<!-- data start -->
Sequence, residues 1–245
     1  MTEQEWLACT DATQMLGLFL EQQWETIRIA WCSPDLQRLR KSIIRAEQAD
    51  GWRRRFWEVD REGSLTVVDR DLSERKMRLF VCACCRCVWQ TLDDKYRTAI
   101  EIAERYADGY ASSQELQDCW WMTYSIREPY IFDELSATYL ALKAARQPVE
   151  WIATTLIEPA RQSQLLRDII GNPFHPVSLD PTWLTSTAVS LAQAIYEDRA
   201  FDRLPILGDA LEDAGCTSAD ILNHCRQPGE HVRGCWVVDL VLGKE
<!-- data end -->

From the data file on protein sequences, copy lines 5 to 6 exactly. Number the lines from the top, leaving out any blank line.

   151  WIATTLIEPA RQSQLLRDII GNPFHPVSLD PTWLTSTAVS LAQAIYEDRA
   201  FDRLPILGDA LEDAGCTSAD ILNHCRQPGE HVRGCWVVDL VLGKE